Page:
Protection of Groundwater Recharge Areas

Protecting the areas in a groundwater basin where water infiltrates most easily preserves the critical function of recharging the aquifer, as well as protecting the aquifer from potential future contamination

Toolbox Main Page IconGroundwater recharge or infiltration is the process whereby water moves downward from surface water to groundwater; it is the primary method through which water enters an aquifer.  Recharging groundwater is an essential component of conjunctive use projects and critical for sustainable groundwater management.

Alluvial groundwater basins are complex systems with sediments and soils that vary across the area of the basin; in some areas, prevailing geologic conditions allow for greater infiltration of water into the groundwater basin than in others.  Protecting those areas where conditions for groundwater infiltration are the most optimal ensures that those areas continue to be functional and available for use, rather than being covered by urban infrastructure.


Groundwater recharge can occur through instream or offstream infiltration, or through injection wells.  Infiltration utilizes areas in the groundwater basin that are geologically suitable for recharge; these can either be instream (meaning within the natural channels of a waterway) or off-stream in spreading basins located over suitable areas in the basin.   Injection wells can be used in areas where purchasing large tracts of land for spreading basins is cost prohibitive.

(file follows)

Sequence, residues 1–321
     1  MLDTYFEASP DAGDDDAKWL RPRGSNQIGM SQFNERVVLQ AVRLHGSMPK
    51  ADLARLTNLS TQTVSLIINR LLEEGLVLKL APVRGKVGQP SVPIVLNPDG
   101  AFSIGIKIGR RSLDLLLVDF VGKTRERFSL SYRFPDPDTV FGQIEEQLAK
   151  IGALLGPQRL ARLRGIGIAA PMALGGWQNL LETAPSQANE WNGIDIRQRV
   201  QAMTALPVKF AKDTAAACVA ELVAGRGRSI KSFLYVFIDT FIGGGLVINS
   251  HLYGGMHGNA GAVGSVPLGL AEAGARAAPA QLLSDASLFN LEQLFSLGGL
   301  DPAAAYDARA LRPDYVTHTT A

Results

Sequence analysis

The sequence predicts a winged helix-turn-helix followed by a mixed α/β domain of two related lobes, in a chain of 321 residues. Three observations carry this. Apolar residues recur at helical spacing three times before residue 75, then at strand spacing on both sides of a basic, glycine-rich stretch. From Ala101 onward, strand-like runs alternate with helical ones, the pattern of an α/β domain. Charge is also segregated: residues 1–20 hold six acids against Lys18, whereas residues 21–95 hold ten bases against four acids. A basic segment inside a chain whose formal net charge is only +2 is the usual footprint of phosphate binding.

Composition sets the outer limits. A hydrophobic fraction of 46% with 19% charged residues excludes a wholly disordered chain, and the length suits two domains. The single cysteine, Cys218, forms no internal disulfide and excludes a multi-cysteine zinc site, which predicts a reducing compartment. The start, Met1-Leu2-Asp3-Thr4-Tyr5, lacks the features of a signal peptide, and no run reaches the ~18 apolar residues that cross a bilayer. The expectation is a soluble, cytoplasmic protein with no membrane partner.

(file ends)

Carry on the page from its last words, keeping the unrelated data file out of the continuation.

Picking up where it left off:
However, each method of recharge has its pros and cons.  Regular maintenance is needed for spreading basins; the basins can get clogged by suspended sediments in the recharge water, reducing the rate of recharge considerably.  Injection wells can get clogged unless the water is treated and turbidity is minimal.

Besides infiltration basins or injection wells, there are other methods of recharging aquifers.  Flood detention facilities provide flood control benefits, and can recharge aquifers as it is held behind dams and reduced at a slower rate.  Other flood detention basins serve as grassy parks most of the year, but can fill with runoff during storms.  Large spaces in the urban landscape, such as playgrounds, school grounds, and parking lots can be retrofitted to collect, treat, and funnel stormwater to dry wells or other small scale infiltration facilities.  Low-impact development and other best management practices can be used to enhance groundwater recharge.


The natural characteristics that make recharge areas effective in recharging aquifers also make them a concern for groundwater quality because if contamination occurs in these areas, substances can easily enter the ground and migrate to the aquifer.  Thus by protecting recharge areas and preventing contamination, expensive treatment is avoided that would have been needed in the future to make the water suitable for use.